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When Kickstarter revealed its ambition to develop a blockchain-based crowdfunding system, the company identified the move as a way to bring creators closer to their audience.
“Backers should be able to more easily discover and participate in projects, have better control over their data, and have more robust tools for assessing the trustworthiness and feasibility of a project,” Kickstarter said in a blog post earlier this month.
The user response was hardly the kind of response Kickstarter had hoped for.
A tweet from the company announcing the news was immediately rejected by Kickstarter customers who threatened to discontinue the service, citing concerns about the environmental impact of cryptocurrencies.
Bitcoin and other digital currencies require huge amounts of electricity to process transactions and mint new currency units. For its part, Kickstarter announced that it would use Celo, a “carbon negative” crypto payment platform, for the initiative.
Kickstarter envisions the new crowdfunding mechanism as a “decentralized” protocol that would make it easier for people to raise funds for projects, even outside of their own platform. Ultimately, the entire website is to be converted to the new infrastructure.
Kickstarter’s proposal is part of a brisk new movement in the technology world known as Web 3.0 or “Web3”.
Web3 proponents argue that today’s online platforms are too centralized and controlled by a handful of large internet companies like Amazon, Apple, Alphabet and Facebook’s parent company Meta.
Like the “Metaverse” touted by Meta, Microsoft, and others, Web3 is still a fuzzy concept.
Most proponents describe it as a decentralized version of the internet based on blockchain, the technology behind many major cryptocurrencies. You can think of the blockchain as a transaction book that is constantly updated by multiple computers around the world.
It has generated a lot of interest – and money – from venture capital firms like Andreessen Horowitz and big tech names like Twitter and Stripe. Several conversations on Twitter about the trend have come from people with NFTs or non-fungible tokens as profile pictures.
Kickstarter isn’t the first to see a backlash for moving company to the world of Web3.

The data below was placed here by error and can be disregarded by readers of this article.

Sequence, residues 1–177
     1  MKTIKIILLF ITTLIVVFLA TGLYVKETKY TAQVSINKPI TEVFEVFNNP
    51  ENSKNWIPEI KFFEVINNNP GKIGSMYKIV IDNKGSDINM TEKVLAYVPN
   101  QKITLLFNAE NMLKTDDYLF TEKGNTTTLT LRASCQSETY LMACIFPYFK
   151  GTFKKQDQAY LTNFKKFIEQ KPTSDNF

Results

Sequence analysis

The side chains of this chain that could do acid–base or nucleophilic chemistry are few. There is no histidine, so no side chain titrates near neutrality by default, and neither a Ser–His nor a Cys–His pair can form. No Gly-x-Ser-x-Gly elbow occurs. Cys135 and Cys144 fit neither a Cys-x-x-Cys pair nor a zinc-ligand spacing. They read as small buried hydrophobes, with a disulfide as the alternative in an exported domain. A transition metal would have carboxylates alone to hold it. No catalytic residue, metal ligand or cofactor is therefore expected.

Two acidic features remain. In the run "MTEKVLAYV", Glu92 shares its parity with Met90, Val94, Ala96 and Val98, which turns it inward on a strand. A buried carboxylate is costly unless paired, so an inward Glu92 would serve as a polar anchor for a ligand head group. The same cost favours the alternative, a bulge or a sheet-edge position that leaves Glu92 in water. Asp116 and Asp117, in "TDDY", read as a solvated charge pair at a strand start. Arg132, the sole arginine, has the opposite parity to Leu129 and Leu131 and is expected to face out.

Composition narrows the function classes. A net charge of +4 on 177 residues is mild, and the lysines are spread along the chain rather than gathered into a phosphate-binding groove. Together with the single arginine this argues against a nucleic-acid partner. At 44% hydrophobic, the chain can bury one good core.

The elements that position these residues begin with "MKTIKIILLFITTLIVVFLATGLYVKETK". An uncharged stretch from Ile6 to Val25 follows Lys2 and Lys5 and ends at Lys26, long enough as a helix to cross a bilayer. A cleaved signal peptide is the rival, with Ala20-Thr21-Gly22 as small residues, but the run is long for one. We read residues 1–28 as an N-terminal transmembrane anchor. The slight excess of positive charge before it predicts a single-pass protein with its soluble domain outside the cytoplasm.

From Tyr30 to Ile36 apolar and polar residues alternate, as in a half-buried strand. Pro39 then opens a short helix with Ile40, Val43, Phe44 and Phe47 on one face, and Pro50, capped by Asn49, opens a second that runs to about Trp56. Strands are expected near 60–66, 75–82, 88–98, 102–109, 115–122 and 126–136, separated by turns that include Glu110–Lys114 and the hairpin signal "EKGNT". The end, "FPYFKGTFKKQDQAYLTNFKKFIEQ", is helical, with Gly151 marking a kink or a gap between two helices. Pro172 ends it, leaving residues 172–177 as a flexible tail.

Discord, the online chat app, recently unveiled some features that users can use to connect their crypto wallets to their account. The tool, shown in a tweet by CEO Jason Citron, met with quick backlash.
Some users expressed concerns about the potential for fraud and money laundering in cryptocurrencies and NFTs, while others criticized the enormous amount of energy required to process transactions on the blockchain.
“We currently have no plans to ship this internal concept,” Citron said in response.
“Right now, our focus is on protecting users from spam, fraud, and fraud. Web3 has many good problems, but also many problems that we have to resolve to the greatest extent possible. More shortly.”
What it means
Big companies and investors with big wallets rave about Web3. But there is a discrepancy between how tech and finance professionals view crypto and how the public perceives the technology.
With crypto, the main consumer use case continues to be speculative trading. And there is still a huge education gap. According to the UK’s Financial Conduct Authority, 69% of people under 40 don’t know that crypto is not a regulated product.
“There is clearly a gold rush … leading to speculative investments,” David Chaum, an American computer scientist and digital cash pioneer, told CNBC via email.
Chaum is best known for inventing an undetectable electronic cash system called e-cash in the 1980s.
“For as long as I can remember there has been a general skepticism about ‘crypto’ and digital currency – long before Bitcoin,” said Chaum. He believes that people’s distrust of crypto will wane today as the market matures.
Several large companies, including Tesla, PayPal, and Meta, have made the leap into cryptocurrency recently.
Such moves have helped push the price of Bitcoin and other major cryptocurrencies higher this year, with investors banking on their potential to gain mainstream adoption.
But if Kickstarter and Discord’s attempts to get into the market show anything, then that goal is far from becoming a reality.